Now, okay, she might have been talking in a foreign language for all that meant to me, so I asked. ‘pparently, a reredos is the bit behind the altar and the mosaics told the story of St Kenelm, for whom the church was named.
So, I wanted to get a look at the mosaics, which also show scenes from Jesus’ life. And I knew I’d get another look now it was his turn to go inside. He’s a pushover at table, but she’s easier to manage the rest of the time. So, I let her tell me about the carved columns and heads all around the church. Then, she told me his story while we waited.
“Kenelm was one of the most revered saints of the Middle Ages,” she said, “though he is not much known today. He was crowned King of Mercia in 798, when he was just twelve years old. Legend says that he saw a tree in his dream and climbed up into its branches. There he saw the four corners of his kingdom, and while three did homage to him, one took an axe to the tree. The young king dreamed that he flew from the falling tree in the form of a white dove, that carried in its beak a scroll, warning of the little king’s murder.
“The king’s sister had bribed her lover to kill the king. When Kenelm, out hunting, rested beneath a tree, the lover began to dig a grave. The boy-king told him that he knew of his plans, but that he would not die there, so the digging was in vain. As he spoke, he thrust his staff into the ground and it burst into leaf and flower.
“Sadly, some time later, in the hills, as the young king sung praises to his God, the lover took up his blade and cut off the king’s head and buried him where he lay.
Kenelm’s soul flew to Rome in the form of a dove, carrying a scroll that told of the murder. The Pope sent out a search party for the body and found it because a milk cow would lie on the grave every night and a shaft of light pointed the way. When the body was found, a spring rose up from the ground where Kenelm had lain.”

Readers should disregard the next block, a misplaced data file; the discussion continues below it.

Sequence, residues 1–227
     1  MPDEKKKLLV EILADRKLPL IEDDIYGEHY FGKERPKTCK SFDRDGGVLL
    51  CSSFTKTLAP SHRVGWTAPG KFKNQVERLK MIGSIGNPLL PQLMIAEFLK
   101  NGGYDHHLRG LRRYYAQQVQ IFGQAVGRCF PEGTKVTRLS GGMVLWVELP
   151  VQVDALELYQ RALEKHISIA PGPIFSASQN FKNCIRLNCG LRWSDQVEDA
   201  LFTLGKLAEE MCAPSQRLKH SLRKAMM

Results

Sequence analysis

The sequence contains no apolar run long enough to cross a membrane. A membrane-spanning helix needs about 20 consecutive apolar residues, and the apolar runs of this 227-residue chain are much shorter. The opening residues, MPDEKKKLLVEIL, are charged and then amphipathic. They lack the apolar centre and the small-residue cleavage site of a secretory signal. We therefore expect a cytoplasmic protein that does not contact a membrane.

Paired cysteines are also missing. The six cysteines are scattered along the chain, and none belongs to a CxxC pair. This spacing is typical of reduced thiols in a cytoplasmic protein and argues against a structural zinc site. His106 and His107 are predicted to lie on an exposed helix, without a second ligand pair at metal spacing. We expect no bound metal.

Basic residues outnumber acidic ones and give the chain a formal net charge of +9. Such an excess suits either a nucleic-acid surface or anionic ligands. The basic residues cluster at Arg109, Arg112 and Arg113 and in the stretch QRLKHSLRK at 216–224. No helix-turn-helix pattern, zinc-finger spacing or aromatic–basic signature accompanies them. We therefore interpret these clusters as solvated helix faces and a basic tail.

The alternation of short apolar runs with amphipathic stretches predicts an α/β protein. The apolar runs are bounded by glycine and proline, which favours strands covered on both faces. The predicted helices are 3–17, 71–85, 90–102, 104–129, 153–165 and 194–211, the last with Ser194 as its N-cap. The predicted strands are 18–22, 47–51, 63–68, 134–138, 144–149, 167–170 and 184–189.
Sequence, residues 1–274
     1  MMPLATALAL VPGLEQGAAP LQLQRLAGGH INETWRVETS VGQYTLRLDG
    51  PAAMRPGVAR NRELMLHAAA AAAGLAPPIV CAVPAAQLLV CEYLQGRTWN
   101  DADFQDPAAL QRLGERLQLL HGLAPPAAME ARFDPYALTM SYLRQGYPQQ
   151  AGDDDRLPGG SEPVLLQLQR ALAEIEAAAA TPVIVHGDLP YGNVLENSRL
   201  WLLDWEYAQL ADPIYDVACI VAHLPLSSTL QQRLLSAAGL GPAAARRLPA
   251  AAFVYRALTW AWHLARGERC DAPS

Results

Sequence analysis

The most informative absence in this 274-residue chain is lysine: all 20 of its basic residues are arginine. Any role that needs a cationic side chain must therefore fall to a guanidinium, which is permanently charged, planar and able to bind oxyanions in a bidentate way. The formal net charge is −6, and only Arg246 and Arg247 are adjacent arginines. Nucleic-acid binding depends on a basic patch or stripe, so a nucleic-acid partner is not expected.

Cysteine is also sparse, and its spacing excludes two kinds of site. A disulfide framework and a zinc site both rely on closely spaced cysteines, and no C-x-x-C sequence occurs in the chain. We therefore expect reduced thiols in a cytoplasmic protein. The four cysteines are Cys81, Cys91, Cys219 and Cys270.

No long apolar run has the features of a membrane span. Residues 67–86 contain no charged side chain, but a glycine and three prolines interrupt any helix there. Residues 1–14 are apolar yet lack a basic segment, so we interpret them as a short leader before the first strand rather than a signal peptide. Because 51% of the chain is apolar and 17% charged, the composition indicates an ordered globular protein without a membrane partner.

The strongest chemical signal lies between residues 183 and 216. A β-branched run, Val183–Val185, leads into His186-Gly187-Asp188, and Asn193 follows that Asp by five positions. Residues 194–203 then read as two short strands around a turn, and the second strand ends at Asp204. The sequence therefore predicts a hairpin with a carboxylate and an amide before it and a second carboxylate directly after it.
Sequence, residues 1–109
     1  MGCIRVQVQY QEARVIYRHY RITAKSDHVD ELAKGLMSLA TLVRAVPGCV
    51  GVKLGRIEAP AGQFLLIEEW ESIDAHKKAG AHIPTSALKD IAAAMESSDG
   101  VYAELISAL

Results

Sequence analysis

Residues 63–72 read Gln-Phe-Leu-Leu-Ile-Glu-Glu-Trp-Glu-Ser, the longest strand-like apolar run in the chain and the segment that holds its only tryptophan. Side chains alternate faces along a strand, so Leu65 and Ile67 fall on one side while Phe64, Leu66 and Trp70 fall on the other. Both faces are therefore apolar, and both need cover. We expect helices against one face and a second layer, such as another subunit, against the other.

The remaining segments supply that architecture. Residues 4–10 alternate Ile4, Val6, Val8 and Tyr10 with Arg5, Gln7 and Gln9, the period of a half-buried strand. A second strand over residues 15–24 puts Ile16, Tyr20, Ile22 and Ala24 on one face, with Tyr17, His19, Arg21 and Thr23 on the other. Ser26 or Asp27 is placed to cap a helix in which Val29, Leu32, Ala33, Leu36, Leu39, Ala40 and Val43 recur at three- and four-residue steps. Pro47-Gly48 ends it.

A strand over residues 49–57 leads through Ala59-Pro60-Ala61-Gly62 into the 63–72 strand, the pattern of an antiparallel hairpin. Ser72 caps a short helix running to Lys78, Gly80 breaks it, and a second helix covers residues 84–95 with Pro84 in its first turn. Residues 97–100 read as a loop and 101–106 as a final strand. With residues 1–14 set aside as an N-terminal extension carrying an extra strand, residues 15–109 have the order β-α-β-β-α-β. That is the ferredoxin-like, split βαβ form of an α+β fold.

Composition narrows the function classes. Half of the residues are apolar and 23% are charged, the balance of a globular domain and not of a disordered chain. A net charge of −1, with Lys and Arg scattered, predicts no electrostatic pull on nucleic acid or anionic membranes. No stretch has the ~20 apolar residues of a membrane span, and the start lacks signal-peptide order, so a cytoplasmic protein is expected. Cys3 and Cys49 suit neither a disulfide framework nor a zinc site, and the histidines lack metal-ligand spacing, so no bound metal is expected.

She told me about the old memorial built into a step too, and about the William Morris window that commemorated the war dead of the village. Then I started whimpering and trying to open the door…and after a while, she caved and opened it to let me look.
She showed me a Simeon window… they get excited about these…
…and pointed out the seventeenth century painted glass windows.
I managed to get a good look at a strangely painted memorial to a guy called Stevens Wisdom, who is kneeling and looking at the date of his own death in 1633. A bit unnecessary, I would have thought…
I would really have liked a better look, but maybe there are churches they can take me to where I can see a bit more. I can see why they like them so much. Loads of history and loads of that symbolism stuff I hear them talking about for hours when I sit under the table…
Anyway, we had a last wander in the churchyard and then headed home. It had been a good day.
I’m happy to go on adventures with them… it keeps them out of trouble 😉
But I might let her write up the churches… all these words are a bit hard on the old paws.
Wonder if she can take dictation?